Daily market review

United States

Investors cut back on risk exposure as market interest rates continued higher, with US Treasury 2-year yields surging 9 basis points and topping 1 percent. The Dow Jones industrial average lost 1.5 percent, the S&P 500 fell 1.8 percent, and the NASDAQ dropped 2.6 percent.

Growth stocks were hit hardest as the market continued to rotate out of sectors most exposed to rising financing costs. Markets appear to be pricing in four rate increases from the Federal Reserve this year, with talk of even more, and speculation that a first move in March will be a shocking 50 basis points. On the coronavirus front, investors are focusing on the inflationary impact of protracted supply chain disruptions and worker shortages rather than deflationary effects as consumers stay home.

Among stocks, the highly-valued FANMAG complex suffered, with technology shares lagging notably including chipmaker Applied Materials, down 8.8 percent. Among communications services, Netflix fell 2.8 percent ahead of its earnings due Thursday, and Facebook/Meta was off 4.1 percent.

Among value/cyclicals, financials had a bad day, with Goldman Sachs dropping 7.0 percent after a profits miss due to rising staff costs which played on market worries over a broader wage-price spiral. Homebuilders were hit by rising interest rates, with Lennar off 6.3 percent. Rising oil prices helped energy stocks outperform but added to inflation worries, and energy stocks faded into the close.

These price data reflect observations at 4:00 PM US ET: Dated Brent spot crude oil jumped US1.54 to US$87.91 while spot gold declined US$3.56 to US$1,813.87. The US dollar rose vs. most major currencies. Yields on the US Treasury 30-year bond rose 7 basis points to 2.20 percent, and the 10-year note was up 9 basis points at 1.87 percent.


European equities slipped as markets reacted to another uptick in bond yields, with the German 10-year bund yield test zero percent. The Europe-wide STOXX 600 and German DAX both lost 1.0 percent, the French CAC slipped 0.9 percent, and the UK FTSE 100 fell 0.6 percent.

European markets appear to be moving forward expectations European Central Bank rate hikes to the fall, along with another Bank of England rate move in the first quarter, alongside expectations for the Federal Reserve to raise rates four times this year, starting in March.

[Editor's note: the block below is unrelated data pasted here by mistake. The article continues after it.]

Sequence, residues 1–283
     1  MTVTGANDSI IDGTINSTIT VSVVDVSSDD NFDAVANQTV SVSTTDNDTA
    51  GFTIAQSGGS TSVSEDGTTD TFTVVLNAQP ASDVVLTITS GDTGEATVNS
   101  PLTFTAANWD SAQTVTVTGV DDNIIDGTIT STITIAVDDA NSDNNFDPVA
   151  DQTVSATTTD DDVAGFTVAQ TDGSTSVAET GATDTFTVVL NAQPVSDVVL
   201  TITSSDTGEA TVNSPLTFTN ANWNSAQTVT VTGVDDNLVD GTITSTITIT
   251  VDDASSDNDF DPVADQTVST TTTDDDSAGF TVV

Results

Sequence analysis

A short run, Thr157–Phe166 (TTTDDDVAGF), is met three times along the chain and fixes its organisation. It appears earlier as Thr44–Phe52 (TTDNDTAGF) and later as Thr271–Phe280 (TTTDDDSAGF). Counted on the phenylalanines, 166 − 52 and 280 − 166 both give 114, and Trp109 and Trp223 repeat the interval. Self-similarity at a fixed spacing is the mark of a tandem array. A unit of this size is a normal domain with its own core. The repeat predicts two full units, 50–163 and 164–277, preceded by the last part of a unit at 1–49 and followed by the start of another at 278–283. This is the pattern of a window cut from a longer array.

Among sectors, technology, financial services, industrials, chemicals, personal & household goods, travel & leisure, and media lagged. Rising oil prices helped oil & gas stocks outperform, along with telecom and basic resources.

Among companies reporting, Hugo Boss, the clothier, rose 1.8 percent after posting record sales. On the downside, Chr Hansen, the food business, fell 1.1 percent despite an earnings beat and analyst upgrade. Swatch, the luxury watch business, fell 0.9 percent after analyst downgrades.

Asia Pacific

Japanese stocks weakened late on rising bond yields after starting off better on hopes for a fast recovery from the latest wave of coronavirus infections. The Nikkei 225 slipped 0.3 percent and the Topix was down 0.4 percent. Banks were notable decliners, along with iron & steel, and pulp & paper stocks.

South Korea's KOSPI fell 0.9 percent and the Taiwan Taiex lost 0.8 percent with big-cap tech stocks suffering from rising market interest rates.

Chinese equities were mixed with support from rising real estate and energy stocks while health care lagged. China's CSI 300 index was up 1.0 percent and the Shanghai composite gained 0.8 percent. Hong Kong‘s Hang Seng index dipped 0.4 percent.

Declining US equity futures and rising bond yields weakened Australian equities with the All Ordinaries down 0.1 percent. Sectors were mixed with materials, real estate, and energy better while health care, financials, and travel & leisure lagged.

Looking ahead*

There are no major economic reports scheduled in Asia/Pacific for Wednesday. In Europe, German CPI, UK CPI, and UK PPI reports are on tap. In North America, US housing starts & permits and the Canadian CPI are due.

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